Until 1913 the majority of the Slav population of all three parts of Macedonia identified as Bulgarian. During World War II, most parts of Yugoslav and Greek Macedonia were annexed by Bulgaria, and the local Slavic-speakers were regarded and self-identified as Macedonian Bulgarians. Not until much later did the process of Macedonian national identity formation gain momentum. After 1944, the People's Republic of Bulgaria and the Socialist Federal Republic of Yugoslavia began a policy of making Macedonia a connecting link for the establishment of new Balkan Federative Republic and stimulating there a development of distinct Slav Macedonian consciousness. The Greek communists as well as its fraternal parties in Bulgaria and Yugoslavia, had already been influenced by the Comintern and it was the only political party in Greece to recognize Macedonian national identity. The region of Vardar Macedonia received the status of a constituent republic within Yugoslavia and in 1945 a separate Macedonian language was codified. The local Bulgarian population was proclaimed to be ethnically Macedonian - a new nationality meant to be different from the Bulgarians.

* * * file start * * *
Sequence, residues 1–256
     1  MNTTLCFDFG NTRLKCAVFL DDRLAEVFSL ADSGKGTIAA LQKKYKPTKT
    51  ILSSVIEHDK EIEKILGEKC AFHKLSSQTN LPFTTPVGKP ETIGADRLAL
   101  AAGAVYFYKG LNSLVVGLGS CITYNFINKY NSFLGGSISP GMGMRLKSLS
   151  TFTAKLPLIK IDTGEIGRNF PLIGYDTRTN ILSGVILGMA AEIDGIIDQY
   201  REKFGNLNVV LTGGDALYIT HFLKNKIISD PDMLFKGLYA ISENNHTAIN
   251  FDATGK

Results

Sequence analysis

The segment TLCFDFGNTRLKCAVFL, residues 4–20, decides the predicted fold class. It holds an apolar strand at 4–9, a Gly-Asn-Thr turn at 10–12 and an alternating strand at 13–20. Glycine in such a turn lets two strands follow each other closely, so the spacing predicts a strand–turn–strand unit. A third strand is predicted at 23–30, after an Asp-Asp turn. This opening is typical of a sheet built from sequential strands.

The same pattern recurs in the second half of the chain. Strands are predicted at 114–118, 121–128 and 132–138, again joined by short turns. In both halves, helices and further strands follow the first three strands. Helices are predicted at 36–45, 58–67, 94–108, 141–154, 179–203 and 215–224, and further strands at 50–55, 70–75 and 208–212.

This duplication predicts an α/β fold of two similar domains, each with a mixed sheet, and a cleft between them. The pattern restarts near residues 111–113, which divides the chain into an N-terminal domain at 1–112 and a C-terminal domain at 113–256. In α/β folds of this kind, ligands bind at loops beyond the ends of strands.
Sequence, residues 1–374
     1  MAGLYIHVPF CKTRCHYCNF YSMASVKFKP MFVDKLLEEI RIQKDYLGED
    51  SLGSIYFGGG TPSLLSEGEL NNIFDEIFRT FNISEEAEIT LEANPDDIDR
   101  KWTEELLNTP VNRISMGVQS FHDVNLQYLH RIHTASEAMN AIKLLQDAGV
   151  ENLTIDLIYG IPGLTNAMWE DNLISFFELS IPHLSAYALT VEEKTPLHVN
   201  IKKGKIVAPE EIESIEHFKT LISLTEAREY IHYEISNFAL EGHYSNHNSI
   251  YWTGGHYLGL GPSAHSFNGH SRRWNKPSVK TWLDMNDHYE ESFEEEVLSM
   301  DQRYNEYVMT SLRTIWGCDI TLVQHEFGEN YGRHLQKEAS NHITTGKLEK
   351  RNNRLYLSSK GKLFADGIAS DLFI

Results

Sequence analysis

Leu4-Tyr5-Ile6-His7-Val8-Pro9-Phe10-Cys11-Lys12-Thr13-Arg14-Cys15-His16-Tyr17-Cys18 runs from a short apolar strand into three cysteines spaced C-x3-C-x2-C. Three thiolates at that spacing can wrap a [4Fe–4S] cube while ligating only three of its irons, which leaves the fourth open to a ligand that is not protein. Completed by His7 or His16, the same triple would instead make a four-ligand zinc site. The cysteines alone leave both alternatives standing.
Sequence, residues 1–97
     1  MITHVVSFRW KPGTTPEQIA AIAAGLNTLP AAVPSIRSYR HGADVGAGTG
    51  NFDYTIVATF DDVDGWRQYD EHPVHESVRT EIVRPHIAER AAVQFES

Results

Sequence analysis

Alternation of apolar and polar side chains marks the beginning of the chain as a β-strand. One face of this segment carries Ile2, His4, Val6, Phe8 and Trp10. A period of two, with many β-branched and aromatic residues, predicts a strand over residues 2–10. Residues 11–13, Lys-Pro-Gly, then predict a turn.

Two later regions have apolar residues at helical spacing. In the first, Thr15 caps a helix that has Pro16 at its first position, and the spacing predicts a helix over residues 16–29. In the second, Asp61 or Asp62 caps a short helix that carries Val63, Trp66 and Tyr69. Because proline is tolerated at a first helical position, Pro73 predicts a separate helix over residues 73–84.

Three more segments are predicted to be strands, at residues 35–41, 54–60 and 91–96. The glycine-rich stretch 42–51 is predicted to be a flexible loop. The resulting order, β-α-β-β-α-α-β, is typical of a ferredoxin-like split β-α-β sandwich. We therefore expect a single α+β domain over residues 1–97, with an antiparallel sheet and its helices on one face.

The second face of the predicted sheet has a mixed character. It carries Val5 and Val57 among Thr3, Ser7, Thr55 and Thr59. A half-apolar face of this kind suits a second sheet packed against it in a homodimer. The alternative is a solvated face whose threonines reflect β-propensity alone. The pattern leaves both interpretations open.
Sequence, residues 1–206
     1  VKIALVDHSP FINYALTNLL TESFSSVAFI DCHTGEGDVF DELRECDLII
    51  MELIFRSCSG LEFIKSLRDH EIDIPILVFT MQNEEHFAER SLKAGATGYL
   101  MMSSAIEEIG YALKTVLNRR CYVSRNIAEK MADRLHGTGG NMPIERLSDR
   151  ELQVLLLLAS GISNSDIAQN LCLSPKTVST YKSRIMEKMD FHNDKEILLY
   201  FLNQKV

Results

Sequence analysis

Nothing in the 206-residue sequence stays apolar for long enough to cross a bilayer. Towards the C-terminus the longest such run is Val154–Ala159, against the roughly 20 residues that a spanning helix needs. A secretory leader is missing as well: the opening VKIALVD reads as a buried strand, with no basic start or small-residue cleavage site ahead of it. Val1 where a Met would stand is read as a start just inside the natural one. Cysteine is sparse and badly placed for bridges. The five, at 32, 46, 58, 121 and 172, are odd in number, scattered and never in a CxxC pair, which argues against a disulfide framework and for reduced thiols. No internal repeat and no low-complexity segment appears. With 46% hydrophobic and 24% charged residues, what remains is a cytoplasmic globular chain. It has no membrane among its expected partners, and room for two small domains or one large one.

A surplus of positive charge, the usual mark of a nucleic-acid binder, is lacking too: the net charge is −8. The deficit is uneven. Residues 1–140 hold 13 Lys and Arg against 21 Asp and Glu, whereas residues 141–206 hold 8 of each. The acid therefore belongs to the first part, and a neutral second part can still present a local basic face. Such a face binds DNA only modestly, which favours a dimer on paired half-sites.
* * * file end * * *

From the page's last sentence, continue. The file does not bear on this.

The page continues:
The number of Macedonians in the Pirin region(Blagoevgrad Province) has varied greatly since the 1960s.